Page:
Laws are not a very good way to try to thwart scalping. The best method is to enforce the non-transferable legal restriction of the ticket sale. e.g. Attach a name to each ticket and require people to show ID when they present their ticket for entry, like the airlines do. This is essentially what companies do when they lower the price on a product with a rebate. If they just dropped the in-store price, ebayers would buy up the entire stock and sell it on eBay at close to the original price. But offering the discount via a rebate which is limited to x submissions per address prevents the biggest abusers. An ebayer might be able to buy a few extra of the product using a work address and relatives' addresses. But it's a lot of hassle and the long turnaround time for the rebate means they'll be out of the capital for a while. So the rebate, while mildly annoying to the legit buyer, makes flipping impractical for the ebayer, thus helping guarantee it's the end-user who enjoys the discounted price provided by the rebate.

Comment Re:I was fortunate to have met him a few year ago (Score 1) 103

My wife and I got a chuckle out of the young security guard that was with him. When people asked who he was, he said that he was the worlds oldest astronaut.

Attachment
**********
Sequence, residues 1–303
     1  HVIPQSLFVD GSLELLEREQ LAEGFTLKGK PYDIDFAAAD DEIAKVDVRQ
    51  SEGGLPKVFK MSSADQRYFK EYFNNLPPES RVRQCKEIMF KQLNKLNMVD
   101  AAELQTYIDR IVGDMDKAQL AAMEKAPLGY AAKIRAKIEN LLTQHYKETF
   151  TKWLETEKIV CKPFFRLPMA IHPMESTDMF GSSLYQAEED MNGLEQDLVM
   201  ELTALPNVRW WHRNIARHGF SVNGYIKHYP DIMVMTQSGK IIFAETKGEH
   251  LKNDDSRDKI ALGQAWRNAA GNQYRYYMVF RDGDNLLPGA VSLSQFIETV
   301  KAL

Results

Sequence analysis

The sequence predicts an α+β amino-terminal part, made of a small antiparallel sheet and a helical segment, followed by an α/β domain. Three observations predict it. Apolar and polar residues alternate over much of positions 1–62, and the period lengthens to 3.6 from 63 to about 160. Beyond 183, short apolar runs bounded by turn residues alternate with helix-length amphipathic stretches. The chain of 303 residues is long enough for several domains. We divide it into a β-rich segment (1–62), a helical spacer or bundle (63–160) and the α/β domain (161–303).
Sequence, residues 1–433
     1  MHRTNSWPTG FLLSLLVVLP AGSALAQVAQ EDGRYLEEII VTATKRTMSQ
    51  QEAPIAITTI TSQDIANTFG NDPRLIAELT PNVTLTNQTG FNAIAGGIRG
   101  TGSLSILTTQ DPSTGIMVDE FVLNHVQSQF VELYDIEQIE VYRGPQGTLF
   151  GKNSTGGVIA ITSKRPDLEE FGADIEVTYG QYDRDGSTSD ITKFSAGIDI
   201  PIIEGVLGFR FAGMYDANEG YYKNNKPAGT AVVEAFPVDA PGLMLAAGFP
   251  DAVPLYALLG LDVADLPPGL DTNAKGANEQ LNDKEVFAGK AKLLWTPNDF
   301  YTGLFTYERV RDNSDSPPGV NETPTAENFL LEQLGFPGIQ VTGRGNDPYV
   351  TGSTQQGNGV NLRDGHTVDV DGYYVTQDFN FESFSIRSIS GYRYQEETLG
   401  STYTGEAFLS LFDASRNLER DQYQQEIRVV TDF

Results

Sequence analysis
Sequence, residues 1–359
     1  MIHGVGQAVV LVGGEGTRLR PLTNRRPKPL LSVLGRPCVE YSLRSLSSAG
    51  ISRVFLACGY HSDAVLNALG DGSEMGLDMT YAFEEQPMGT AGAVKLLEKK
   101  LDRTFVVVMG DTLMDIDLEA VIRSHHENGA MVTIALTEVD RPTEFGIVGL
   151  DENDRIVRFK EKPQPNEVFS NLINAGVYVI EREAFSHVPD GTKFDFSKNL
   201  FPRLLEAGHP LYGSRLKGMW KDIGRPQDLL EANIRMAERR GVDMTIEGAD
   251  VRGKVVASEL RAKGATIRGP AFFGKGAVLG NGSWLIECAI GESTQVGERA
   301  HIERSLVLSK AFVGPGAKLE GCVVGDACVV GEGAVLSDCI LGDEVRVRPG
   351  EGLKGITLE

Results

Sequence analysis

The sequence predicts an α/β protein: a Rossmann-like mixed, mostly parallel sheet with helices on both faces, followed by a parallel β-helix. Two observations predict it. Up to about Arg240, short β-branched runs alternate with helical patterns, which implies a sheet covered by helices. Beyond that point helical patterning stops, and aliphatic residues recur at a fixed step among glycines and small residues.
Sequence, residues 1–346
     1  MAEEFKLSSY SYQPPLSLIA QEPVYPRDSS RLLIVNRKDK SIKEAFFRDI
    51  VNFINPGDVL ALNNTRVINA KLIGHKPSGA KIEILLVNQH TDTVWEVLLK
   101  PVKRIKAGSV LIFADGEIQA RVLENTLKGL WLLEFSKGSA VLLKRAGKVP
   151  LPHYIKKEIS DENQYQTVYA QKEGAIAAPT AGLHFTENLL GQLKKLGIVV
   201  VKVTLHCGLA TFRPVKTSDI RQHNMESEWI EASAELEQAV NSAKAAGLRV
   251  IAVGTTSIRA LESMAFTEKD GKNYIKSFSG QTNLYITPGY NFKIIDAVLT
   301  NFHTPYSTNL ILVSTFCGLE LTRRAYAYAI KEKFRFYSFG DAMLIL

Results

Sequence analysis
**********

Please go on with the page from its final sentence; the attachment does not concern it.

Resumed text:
You misunderstood what the security guard meant. Glenn was the oldest person to ever go into space when he flew aboard Discovery on STS-95 in 1998. He was 77.

Comment Re:Preempting Apple (Score 1) 102

There's no pre-empting going on. Apple is not the originator of these ideas - they may be talking about adding them to the next iPhone, but Android has had them for close to 7 years. My Samsung Galaxy S (the first one they made) didn't have physical navigation buttons - it had capacitive touch buttons and used the phone's vibrate module to generate haptic feedback. The navigation buttons were simply a separate touch-sensitive OLED display. Heck, my current Nexus 5 does the same thing except the buttons are part of the main display (has been since Android Honeycomb).